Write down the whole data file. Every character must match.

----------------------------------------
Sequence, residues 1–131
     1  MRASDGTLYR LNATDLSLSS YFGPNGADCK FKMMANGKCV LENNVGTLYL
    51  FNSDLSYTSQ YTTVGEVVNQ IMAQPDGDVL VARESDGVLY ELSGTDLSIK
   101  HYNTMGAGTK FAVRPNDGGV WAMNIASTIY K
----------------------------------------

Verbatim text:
Sequence, residues 1–131
     1  MRASDGTLYR LNATDLSLSS YFGPNGADCK FKMMANGKCV LENNVGTLYL
    51  FNSDLSYTSQ YTTVGEVVNQ IMAQPDGDVL VARESDGVLY ELSGTDLSIK
   101  HYNTMGAGTK FAVRPNDGGV WAMNIASTIY K